Since mid-July, I’ve been counting steps. (The idea is to log 10,000 steps each day.) I started during vacation, when we tend to walk a lot. Then I decided to keep going. I downloaded a little app to my phone and carry it with me. During the day, I can check in to see where I am in relation to my goal.
It’s been a pretty easy way for me to push myself to move a bit more. Looking a bit shy of the goal? I walk a little more. Almost there? Well, there’s still time, let’s see if I can get another 1,000 today. Unfortunately, I’m a skilled procrastinator. So constant motivation and bite-sized pieces of effort seem to work for me when weekly or monthly goals do not.
Why am I telling you this? Well, it seems like I might be on to something. And that’s where it might matter to you.
The progress principle – and you.
Have you heard of something called “the progress principle”? I hadn’t, but here’s the scoop.
…of all the things that can boost emotions, motivation, and perceptions during a workday, the single most important is making progress in meaningful work. And the more frequently people experience that sense of progress, the more likely they are to be creatively productive in the long run. Whether they are trying to solve a major scientific mystery or simply produce a high-quality product or service, everyday progress—even a small win—can make all the difference in how they feel and perform.
So. Lots of smaller wins keep you creative and motivated. Just what we need at this time of year, right?
Even better, in a Forbes article, they connect their “progress principle” to our work. They recognize the intangible advantage we have – there’s an emotional satisfaction that comes from helping people. That’s often very motivating!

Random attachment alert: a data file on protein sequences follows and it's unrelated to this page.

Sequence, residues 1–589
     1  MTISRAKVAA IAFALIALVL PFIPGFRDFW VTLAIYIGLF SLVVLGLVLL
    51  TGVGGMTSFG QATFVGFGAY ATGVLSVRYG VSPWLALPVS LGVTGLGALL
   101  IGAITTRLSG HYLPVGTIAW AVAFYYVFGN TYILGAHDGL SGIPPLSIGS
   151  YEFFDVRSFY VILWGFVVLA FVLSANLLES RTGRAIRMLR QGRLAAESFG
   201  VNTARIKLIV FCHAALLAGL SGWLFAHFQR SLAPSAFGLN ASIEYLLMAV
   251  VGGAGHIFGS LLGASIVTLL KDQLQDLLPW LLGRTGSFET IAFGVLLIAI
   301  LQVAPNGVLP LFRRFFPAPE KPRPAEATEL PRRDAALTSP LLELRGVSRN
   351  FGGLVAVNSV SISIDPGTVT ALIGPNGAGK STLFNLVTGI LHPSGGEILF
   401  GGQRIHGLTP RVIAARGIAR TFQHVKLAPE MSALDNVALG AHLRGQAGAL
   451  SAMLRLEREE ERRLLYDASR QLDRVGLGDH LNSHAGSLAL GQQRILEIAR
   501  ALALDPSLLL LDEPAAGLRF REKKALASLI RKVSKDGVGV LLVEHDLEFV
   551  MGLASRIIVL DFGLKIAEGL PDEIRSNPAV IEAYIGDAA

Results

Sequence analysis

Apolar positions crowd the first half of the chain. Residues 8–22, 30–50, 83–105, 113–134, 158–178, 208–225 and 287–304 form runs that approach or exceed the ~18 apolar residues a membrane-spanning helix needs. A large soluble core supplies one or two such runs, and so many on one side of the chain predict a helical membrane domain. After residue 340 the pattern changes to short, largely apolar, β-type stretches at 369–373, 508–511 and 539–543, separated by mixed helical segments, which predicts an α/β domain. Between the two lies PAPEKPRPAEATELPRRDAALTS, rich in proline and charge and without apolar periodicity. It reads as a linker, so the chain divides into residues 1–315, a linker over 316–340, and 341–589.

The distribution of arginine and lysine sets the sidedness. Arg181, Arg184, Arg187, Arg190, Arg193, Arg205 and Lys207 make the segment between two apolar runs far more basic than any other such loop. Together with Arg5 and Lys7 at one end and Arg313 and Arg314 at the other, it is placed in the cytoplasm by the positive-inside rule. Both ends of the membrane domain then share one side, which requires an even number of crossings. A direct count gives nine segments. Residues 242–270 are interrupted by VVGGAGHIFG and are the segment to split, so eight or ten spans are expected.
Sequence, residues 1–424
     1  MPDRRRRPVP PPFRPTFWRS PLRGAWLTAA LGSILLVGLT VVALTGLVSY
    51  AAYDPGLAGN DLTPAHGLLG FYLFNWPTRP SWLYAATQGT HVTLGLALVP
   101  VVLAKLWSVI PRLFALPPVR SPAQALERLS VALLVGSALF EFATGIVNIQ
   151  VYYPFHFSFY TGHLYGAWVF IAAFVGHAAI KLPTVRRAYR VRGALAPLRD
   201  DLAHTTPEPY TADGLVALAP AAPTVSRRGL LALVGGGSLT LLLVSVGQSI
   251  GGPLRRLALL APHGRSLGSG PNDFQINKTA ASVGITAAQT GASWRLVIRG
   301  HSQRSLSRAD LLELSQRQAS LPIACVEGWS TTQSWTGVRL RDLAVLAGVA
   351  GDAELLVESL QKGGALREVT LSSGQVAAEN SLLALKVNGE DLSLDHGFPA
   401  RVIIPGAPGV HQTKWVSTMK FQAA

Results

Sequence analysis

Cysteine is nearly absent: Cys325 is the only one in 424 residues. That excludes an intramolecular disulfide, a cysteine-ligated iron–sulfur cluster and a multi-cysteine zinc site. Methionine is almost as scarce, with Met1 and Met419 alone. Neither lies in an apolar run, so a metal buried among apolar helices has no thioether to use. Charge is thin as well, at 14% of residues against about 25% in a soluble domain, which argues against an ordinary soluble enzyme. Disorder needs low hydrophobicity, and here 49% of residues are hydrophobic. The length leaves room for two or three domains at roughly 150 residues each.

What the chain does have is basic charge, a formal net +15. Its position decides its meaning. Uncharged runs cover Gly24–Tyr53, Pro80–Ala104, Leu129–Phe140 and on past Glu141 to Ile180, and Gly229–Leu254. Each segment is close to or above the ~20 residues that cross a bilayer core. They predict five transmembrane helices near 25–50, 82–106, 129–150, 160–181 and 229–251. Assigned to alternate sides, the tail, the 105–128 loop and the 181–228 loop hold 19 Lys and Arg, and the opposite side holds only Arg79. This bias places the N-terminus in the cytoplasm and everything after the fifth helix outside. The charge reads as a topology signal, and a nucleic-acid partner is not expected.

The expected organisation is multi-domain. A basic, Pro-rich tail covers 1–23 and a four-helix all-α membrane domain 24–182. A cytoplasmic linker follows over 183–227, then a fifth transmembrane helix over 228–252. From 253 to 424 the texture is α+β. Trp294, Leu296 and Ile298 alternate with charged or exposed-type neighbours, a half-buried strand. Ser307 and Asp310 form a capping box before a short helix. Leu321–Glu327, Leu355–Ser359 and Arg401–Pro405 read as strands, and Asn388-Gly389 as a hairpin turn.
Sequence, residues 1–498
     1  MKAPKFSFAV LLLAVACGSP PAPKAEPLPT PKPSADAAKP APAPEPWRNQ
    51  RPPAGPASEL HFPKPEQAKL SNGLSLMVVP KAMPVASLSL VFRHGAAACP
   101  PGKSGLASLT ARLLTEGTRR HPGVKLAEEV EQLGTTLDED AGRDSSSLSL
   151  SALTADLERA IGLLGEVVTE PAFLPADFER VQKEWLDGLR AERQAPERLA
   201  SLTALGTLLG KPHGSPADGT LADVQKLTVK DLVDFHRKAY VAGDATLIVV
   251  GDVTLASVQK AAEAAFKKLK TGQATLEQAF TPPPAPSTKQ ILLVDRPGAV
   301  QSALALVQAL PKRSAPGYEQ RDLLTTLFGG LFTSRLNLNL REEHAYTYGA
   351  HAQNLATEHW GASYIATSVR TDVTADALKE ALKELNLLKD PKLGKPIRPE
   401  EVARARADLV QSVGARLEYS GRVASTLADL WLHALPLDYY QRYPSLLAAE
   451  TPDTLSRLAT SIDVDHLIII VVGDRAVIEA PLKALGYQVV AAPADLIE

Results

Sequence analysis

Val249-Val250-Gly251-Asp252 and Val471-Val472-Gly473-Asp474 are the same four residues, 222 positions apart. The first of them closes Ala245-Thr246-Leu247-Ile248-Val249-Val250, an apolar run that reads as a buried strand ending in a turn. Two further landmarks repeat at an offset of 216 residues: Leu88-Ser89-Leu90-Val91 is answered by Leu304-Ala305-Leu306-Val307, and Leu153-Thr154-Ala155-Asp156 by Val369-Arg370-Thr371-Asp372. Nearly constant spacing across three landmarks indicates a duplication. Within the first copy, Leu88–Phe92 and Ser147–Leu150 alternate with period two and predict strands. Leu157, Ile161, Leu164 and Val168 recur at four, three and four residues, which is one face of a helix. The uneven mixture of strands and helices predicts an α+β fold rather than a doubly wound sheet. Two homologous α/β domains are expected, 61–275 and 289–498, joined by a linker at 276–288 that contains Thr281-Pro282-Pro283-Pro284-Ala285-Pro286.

But they note:
In spite of this, it is often easy to lose the connection between the day-to-day work of an organization and its overall mission. So, leaders must make sure that employees understand how what they do contributes to that mission, and make it clear to them that those contributions are important. One way to help promote this connection is suggested by the research of Adam Grant and his colleagues. They have shown that workers’ motivation is increased if they can have some direct contact with people who have benefited from the services they provide.
That makes perfect sense, right? When you’re feeling unmotivated, the best thing you can do is reconnect with your mission.
Counting down to year end – do something!
As of today, there are about 60 work days until year end. This is our busiest season. I hope you’ve already got your fundraising mapped out through that date. But I want to encourage you to add just a little to that plan, every day. Because small steps can add up to a more successful program in the long run.
It helps to have a goal, of course. I track my walking goal daily, but my real goal is feeling better and maybe feeling more comfortable in my jeans. Not world-changing, but meaningful to me.
I’m sure you have dollar goals. Maybe broken out into daily or weekly targets. Those are pretty easily measured, but not as easily controlled. (If you know how to guarantee you’ll raise a certain amount by a certain date, I definitely want to hear about it!)
But think about more than that. Stay focused on the larger goal – your mission. Why are you raising this money? What will change if you succeed? What will happen if you don’t?
And what about retention goals? Those go beyond the immediate dollars. Using the increased communication you’ve probably got planned for the next few months as a means toward bringing donors closer to the work they make possible will pay off now – and later.
Once you’re clear about what you want, you can add a few more steps. Find small, easily accomplished goals every day between now and year-end. Here are some ideas:
- Talk to your program staff and find a new story.
- Send a handwritten thank you note.
- Rewrite your thank you letters.
- Videotape an interview with someone your organization helps.
- Interview a donor.
- Call a donor just to say thanks.
- Write a new appeal draft. Or write it again.
- Update your database. Make sure you’ve got names right.
- Check your numbers against your goal so you know where you stand.
- Read an article on an area of fundraising you want to know more about.
- Begin a new welcome email series or a mail welcome pack.
You get the idea. Promise yourself that you’ll take one step every day. One step to bring you closer to your donors and to your mission.
So what about you? Please tell me what your plans are for the rest of the year. What are you doing every day to make this the best year-end ever?